E-remittance firms have pushed inclusion, and will lead the recovery
What's making fintechs so popular for remittances? Aside from representing cost savings, being built from the ground up with user experience at the forefront has enabled these entities to be more flexible and inclusive than incumbents.
For instance, it only takes about two dozen clicks to create and activate a new mobile remittance account. This agility and accessibility helps neobanks reach underserved customer segments — delivering services that diaspora workers, for example, value greatly.
Importantly, they aim to outperform banks on customer service, products and margin to bring a wider, more compelling customer-first offering to market. They also start with a streamlined product experience before evolving into further offerings like international money transfer.
Neobanks can go where the customer needs them to go — becoming more of a one-stop shop offering mobile accounts and mobile wallets at the click of a button. Our own research has shown that 72% of customers prefer a one-stop shop, or a super-app approach, for their financial services. It makes sense and helps customers streamline their lives.
You can transfer money instantly, buy your favorite shares, or get advice on spending and savings — all from your armchair for little to no fee — what’s not to like? This disruptive approach represents a win-win for the customer and a much-needed evolution for the world of finance.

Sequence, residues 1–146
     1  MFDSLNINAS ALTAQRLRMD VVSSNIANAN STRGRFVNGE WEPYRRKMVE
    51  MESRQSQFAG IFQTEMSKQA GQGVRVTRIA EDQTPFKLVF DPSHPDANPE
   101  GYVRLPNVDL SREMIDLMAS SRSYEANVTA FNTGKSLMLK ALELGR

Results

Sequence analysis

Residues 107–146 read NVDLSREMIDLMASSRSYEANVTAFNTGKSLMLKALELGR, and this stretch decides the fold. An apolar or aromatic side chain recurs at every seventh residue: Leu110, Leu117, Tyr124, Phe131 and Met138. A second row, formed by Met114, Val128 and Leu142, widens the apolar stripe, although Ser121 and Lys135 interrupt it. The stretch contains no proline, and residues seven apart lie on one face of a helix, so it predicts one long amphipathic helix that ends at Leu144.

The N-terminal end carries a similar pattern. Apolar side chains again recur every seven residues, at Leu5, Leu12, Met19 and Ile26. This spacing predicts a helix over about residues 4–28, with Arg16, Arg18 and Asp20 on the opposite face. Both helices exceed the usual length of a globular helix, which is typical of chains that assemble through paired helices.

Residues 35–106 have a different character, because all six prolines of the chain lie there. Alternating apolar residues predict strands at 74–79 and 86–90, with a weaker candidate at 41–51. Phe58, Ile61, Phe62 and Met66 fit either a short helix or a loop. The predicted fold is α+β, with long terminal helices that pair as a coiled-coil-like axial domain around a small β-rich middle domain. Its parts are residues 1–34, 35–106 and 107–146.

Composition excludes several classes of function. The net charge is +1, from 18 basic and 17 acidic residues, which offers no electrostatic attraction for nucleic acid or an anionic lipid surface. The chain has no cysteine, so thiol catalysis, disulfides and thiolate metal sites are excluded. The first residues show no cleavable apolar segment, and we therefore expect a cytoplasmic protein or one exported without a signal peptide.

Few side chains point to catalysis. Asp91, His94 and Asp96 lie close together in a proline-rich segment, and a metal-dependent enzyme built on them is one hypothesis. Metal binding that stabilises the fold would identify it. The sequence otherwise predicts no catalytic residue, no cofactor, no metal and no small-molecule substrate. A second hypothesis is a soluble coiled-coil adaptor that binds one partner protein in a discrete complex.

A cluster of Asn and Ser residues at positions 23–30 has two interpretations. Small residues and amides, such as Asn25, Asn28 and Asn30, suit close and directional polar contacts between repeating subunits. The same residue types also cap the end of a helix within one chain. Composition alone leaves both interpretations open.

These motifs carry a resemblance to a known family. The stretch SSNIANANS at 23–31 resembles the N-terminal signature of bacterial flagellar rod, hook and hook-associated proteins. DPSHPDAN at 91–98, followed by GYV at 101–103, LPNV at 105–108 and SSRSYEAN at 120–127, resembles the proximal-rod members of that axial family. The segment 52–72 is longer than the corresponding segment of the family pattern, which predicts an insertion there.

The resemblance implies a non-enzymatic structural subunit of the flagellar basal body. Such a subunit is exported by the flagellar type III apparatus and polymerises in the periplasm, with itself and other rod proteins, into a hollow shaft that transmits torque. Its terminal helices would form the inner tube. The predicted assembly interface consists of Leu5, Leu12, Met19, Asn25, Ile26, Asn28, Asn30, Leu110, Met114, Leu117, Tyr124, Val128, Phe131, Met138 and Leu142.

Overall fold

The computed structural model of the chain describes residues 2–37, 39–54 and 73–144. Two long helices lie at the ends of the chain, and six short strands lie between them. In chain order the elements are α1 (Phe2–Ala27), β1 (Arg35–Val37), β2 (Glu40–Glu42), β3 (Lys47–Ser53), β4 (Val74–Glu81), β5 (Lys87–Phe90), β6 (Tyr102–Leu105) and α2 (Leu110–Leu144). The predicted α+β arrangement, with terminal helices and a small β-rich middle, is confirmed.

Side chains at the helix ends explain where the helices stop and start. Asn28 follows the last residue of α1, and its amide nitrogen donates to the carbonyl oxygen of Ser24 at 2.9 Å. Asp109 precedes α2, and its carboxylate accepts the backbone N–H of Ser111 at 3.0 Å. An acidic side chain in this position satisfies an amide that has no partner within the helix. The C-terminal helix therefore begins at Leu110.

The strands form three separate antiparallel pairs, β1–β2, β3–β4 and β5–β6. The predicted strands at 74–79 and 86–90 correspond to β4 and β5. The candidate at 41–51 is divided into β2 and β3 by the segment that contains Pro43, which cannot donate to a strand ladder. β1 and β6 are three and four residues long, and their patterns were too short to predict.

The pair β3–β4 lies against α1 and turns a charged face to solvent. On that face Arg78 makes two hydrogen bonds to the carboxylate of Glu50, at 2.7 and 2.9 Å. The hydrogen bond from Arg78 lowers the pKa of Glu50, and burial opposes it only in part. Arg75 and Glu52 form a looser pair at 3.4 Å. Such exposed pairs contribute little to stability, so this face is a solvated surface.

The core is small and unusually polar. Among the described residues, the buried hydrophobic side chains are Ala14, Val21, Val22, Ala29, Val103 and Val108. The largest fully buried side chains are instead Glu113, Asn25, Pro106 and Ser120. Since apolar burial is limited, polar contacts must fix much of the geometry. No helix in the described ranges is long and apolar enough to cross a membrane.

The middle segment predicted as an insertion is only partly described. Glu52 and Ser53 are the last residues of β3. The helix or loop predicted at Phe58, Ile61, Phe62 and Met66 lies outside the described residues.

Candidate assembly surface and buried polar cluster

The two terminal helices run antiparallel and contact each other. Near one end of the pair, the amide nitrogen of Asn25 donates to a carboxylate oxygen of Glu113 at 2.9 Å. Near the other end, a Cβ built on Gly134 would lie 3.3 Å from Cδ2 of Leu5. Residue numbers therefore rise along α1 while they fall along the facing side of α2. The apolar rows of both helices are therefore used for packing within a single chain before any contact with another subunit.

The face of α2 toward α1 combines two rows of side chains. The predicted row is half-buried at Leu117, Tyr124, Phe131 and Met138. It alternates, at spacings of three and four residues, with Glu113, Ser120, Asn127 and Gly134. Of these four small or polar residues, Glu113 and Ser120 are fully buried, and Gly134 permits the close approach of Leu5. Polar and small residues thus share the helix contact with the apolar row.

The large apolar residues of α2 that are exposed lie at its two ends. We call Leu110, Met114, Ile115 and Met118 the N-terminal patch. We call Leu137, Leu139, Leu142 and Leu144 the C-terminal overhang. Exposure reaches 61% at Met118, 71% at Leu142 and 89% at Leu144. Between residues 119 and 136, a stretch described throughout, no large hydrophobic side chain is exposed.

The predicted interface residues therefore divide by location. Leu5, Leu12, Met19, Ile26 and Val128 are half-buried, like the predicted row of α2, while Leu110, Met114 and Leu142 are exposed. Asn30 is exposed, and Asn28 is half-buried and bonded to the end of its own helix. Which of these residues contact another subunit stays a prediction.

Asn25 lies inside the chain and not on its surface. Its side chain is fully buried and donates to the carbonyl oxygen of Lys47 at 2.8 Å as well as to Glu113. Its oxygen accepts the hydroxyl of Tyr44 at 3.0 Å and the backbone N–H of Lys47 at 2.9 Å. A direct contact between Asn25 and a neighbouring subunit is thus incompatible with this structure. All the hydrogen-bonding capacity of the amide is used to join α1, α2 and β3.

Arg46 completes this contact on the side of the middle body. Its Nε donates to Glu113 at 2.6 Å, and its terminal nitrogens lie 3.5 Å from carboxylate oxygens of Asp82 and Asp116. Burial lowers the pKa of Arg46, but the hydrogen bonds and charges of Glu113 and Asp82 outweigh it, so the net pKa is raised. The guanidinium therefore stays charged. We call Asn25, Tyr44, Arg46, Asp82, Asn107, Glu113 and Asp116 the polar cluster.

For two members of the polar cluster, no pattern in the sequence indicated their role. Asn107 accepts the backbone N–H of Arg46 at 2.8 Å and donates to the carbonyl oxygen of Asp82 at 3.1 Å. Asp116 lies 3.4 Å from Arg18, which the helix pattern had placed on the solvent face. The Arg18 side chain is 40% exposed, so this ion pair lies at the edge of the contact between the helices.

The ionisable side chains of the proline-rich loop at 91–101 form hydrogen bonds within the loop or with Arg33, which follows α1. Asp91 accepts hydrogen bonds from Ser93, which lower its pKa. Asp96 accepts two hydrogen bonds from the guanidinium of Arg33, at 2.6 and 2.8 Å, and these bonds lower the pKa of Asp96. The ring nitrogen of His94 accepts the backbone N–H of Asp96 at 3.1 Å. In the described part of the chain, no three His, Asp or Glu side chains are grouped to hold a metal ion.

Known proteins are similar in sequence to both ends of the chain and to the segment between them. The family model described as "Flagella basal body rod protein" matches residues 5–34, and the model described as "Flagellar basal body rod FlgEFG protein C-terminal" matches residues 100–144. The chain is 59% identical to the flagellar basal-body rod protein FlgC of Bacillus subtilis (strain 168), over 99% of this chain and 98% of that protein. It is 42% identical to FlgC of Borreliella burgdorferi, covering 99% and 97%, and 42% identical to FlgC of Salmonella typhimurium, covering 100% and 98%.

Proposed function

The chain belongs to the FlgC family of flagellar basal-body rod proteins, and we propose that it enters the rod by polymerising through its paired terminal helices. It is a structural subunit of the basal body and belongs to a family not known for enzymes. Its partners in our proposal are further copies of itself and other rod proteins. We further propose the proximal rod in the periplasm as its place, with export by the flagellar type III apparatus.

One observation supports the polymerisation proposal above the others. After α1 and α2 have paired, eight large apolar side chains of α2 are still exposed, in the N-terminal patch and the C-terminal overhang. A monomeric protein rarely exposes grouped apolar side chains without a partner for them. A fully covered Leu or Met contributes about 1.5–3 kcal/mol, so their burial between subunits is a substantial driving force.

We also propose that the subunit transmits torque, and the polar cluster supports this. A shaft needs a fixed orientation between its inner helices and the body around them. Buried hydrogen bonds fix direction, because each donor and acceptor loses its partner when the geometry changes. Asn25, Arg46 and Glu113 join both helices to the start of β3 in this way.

Like neobanks, money remittance companies around the world have observed a marked increase in money flows in recent months. Research has shown that the pandemic has precipitated a wholesale shift to digital solutions. Our recent research into remittance habits among our customers supports this, with a whopping 72% saying they now send their remittances to family and friends online.
This is a marked increase from previously noted behavior where the majority chose a more traditional cash transaction. In the Philippines, Ghana, and Brazil the shift to mobile money, online airtime top-up, and online bank transfers has increased significantly since the lockdown began.
People who need to support loved ones with money or other micro-value transfers, such as mobile phone top-ups or bill payment, but who don’t want to put themselves at risk by leaving their homes have been seeking out digital methods.
While some customers may eventually return to cash as their preferred method of payment for goods and services, or a more manual approach to banking and money transfer after the pandemic passes, the crisis may have accelerated a shift to digital that is likely to persist for a large majority of the converted. The demise of cash is real and happening faster than foreseen.
Fintech is providing real, viable and more affordable options for money remitters, to continue to be the lifeblood for communities all around the world.